From all that has happened just in the last week it is quite clear that we, the global Internet community—the users of the Internet and those impacted by the use of the Internet—that is effectively everyone in the world–are on our own! The global Internet companies that many of us have trusted if only that they would see that their commercial interests would coincide with the global public interest, have clearly demonstrated that we are foolish and naïve if we trust them to do anything other than act in their own narrow self-interest whatever the global impacts of these actions on their users and everyone else.

And given what we know from the Snowden revelations going forward and now with the Heartbleed revelations going to the very core of the technical operation of the Internet we are on our own and we must begin to exert our power as the global Internet community to ensure that our common interests in the global Internet are protected and promoted.

It is time that we the global Internet community, the users of the Internet and all of those who either directly or indirectly find significant elements of their personal well-being linked to the Internet, insist that the Internet be “managed” in support of our interests—as a global commons. The Internet cannot be allowed to be left to be a plaything for private greed and national “interests”.

This follows of course, the Tunis Commitment from the 2005 World Summit on the Information Society (WSIS) which clearly identified the global public good – an elusive concept for sure – as the driving force that should lie behind the governance activities with respect to the Internet. “We reaffirm our desire and commitment to build a people-centred, inclusive and development-oriented Information Society, premised on the purposes and principles of the Charter of the United Nations, international law and multilateralism, and respecting fully and upholding the Universal Declaration of Human Rights, so that people everywhere can create, access, utilize and share information and knowledge, to achieve their full potential and to attain the internationally agreed development goals and objectives, including the Millennium Development Goals.” These principles have been confirmed and reaffirmed over the last 10 years by an extremely broad range of political actors, often at the highest political and legal levels.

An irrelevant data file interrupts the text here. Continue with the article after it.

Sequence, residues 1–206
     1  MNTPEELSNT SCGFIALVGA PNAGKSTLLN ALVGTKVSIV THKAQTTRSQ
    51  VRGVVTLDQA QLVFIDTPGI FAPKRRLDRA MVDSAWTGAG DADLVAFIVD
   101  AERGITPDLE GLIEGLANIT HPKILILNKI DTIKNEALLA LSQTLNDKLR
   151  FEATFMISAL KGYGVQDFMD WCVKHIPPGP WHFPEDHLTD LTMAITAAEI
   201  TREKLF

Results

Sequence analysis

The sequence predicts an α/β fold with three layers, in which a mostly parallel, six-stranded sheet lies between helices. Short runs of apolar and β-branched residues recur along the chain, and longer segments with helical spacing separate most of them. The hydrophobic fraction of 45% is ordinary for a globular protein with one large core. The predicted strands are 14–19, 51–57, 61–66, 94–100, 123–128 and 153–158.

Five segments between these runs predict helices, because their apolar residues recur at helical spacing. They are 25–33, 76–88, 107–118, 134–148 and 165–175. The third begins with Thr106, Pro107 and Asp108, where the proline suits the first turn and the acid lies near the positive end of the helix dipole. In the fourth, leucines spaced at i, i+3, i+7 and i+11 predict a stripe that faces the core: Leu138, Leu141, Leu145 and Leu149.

The means must be established to ensure the oversight and operation of the Internet as a global Commons operating in the global public interest.

NetMundial has and will see much squabbling and attempts at finding common ground in the next two weeks, and many of the issues being addressed such as the use of the Internet for global surveillance are of considerable interest.

But all of these issues pale in significance to the opportunity that this meeting has to make a clear and global commitment (in fact a reaffirmation of the Tunis Commitment) that the guiding principle for the Internet will be the realization of the common good of mankind and that the operations of the Internet will be managed in support of this common good.

To send an email insisting on this as an outcome for the NetMundial meeting send an email to <>. To help us keep track, copy your email to <>.

Or you can sign the online petition here